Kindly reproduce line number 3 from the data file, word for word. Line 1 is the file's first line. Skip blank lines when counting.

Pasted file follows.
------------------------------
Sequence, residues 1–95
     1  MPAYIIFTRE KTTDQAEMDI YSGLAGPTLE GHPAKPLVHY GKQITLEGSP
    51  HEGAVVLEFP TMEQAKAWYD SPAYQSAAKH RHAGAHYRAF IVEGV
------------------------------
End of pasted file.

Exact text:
    51  HEGAVVLEFP TMEQAKAWYD SPAYQSAAKH RHAGAHYRAF IVEGV